Letter from Dr Tera in response to Jawahare's article-
When the Choo Choos Give you The Foot Blues

March 2, 1999

Lynette and Editorial Staff

Dear Lynette and Editors of The Gilded Serpent:  

First, I wish to extend hearty congratulations on your new, wondrous publication!  It is informative, fun and beautiful.  I look forward to further issues. 

The article on Plantar Fasciitis is well written.  I would like to add a few notes:

Dancers, as a group, tend to be “very in touch” with their bodies.  But self- diagnosis and self-treatment without professional evaluation and supervision can sometimes lead to worsening conditions.  There are other conditions of the
foot that have similar pain patterns.  It is important to rule out, for instance, the possibility of stress fractures of the bones in the dancer’s foot.  Therefore, I recommend evaluation by a doctor, whether medical, podiatric, chiropractic or osteopathic. 
There are several more exercises that can be done to aid in recovery of the condition, and avoid relapse or recurrence.  The calf stretch is an important one.  I would like to suggest a few more for the readership: 

  1. Stretching the arch of the foot by pulling the toes and foot upward (i.e.,
    dorsa-flexion) is another especially important stretch. 
  2. Rolling the arch of the foot over a racquetball for several minutes has a
    mini-massaging action into the plantar fascia.  Tennis balls are too soft and
    golf balls are too hard. 
  3. Practicing picking up marbles or pencils with the toes are wonderful foot
    strengthening exercises. 
  4. Walking barefoot in the sand is both stretching and strengthening for the

The condition plantar fasciitis is associated with an alteration of the musculoskeletal biomechanics of the foot.  Therefore, a protocol including chiropractic or osteopathic manipulation of the bones in the foot to restore normal biomechanics can be extremely effective in reducing, and in many cases, eliminating pain and restoring full function!  This is not a one-treatment- miracle-cure.  Frequently, it takes several treatments for significant results. It takes months, or even years for the feet to develop this condition.  It will take time and focused effort to recover from it.  Usually, 6 to 12 treatments should see approximately  40% to 50% improvement.  If there is improvement, then you are on the right track and should continue with this treatment protocol.  If there is no improvement  then your condition should be re-evaluated and implement changes in the treatment protocol.  Along with the use of ice, ultrasound and massage, properly fitted shoes and orthotics, and doing the foot exercises daily can help in recovery of plantar fasciitis.  In many cases, the patient can avoid steroid shots and surgery.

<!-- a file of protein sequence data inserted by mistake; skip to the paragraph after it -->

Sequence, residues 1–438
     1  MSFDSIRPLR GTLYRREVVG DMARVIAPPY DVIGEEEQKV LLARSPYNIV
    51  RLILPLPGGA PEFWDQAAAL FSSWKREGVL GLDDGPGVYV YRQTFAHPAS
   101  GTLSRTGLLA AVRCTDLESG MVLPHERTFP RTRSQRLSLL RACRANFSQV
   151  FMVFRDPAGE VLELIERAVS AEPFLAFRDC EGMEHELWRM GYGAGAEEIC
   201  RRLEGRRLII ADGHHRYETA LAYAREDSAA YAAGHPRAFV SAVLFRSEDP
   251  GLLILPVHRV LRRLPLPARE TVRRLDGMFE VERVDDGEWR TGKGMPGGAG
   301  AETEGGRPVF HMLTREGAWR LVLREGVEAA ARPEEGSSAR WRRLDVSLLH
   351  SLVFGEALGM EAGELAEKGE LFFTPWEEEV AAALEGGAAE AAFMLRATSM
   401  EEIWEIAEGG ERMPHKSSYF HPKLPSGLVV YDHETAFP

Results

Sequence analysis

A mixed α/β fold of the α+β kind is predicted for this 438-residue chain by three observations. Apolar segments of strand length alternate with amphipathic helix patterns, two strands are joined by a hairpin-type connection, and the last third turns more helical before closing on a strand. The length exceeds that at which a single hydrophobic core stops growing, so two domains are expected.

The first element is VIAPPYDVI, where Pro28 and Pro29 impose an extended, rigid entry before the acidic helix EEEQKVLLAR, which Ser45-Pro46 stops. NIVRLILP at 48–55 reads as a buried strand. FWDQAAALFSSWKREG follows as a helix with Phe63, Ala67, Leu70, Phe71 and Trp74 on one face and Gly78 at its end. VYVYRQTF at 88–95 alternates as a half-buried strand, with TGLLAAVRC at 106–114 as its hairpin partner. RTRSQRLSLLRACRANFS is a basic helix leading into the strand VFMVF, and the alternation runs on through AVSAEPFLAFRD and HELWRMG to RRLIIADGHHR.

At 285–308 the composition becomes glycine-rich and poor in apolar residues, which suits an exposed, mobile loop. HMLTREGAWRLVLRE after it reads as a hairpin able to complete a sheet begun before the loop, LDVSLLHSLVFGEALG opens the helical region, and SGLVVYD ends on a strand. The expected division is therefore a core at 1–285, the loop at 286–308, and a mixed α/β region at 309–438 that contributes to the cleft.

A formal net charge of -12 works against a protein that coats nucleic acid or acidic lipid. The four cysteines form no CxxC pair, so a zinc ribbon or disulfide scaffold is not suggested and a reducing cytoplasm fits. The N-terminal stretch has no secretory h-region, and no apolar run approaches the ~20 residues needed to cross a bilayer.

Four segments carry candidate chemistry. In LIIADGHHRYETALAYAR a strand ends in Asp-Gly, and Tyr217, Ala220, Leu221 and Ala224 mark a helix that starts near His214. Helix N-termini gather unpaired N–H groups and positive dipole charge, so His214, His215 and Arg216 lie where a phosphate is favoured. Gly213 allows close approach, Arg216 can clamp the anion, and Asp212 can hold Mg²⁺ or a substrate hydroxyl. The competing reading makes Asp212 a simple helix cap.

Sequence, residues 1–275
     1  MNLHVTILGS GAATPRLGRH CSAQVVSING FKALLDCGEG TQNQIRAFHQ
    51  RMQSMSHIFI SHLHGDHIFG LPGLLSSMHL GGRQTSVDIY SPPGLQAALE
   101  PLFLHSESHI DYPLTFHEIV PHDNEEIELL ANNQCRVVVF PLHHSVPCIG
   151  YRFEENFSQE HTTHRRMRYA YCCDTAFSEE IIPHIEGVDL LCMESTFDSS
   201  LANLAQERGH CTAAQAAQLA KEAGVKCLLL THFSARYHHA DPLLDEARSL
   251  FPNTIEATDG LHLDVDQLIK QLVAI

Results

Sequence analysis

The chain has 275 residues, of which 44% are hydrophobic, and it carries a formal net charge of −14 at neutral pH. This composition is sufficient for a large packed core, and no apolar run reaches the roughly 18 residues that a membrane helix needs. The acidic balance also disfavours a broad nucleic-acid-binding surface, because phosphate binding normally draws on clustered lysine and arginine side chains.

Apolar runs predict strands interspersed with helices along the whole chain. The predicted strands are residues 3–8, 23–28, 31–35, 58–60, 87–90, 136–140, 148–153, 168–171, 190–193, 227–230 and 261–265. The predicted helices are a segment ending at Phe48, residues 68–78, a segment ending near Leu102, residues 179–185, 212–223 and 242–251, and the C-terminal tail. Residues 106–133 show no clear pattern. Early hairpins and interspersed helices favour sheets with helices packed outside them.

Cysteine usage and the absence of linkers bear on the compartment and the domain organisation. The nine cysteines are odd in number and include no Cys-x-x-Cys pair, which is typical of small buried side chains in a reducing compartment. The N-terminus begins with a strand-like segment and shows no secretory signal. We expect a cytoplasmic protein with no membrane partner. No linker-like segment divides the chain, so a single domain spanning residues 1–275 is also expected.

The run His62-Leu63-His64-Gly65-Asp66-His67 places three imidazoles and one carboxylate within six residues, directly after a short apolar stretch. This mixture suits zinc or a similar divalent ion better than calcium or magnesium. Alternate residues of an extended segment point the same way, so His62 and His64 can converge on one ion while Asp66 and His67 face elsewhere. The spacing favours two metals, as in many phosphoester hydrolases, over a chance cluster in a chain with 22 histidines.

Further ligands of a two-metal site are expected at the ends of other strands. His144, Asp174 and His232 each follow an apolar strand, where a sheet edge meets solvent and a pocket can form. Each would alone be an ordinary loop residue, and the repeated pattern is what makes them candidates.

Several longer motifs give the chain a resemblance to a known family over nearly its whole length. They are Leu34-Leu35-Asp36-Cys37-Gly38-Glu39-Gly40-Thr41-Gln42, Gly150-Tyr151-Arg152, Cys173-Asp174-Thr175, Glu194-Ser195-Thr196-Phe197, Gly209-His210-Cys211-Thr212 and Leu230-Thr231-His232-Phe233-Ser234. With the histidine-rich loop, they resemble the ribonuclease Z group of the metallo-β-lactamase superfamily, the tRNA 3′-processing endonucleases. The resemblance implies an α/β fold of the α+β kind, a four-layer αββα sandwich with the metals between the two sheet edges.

I have personally suffered with plantar fasciitis.  As a chiropractor, I have been very successful with treating a number of patients, mostly dancers, who also suffered from this affliction.   However, if you prefer to stick with the medical doctors, you may have better luck with a medical doctor who specializes in sports medicine. 

Happy Feet to Happy Dancing! 

Dr. Teresa Jean Rich
Doctor of Chiropractic
a.k.a. Tera Vashtillyia, former professional dancer
Sunnyvale, California, USA 


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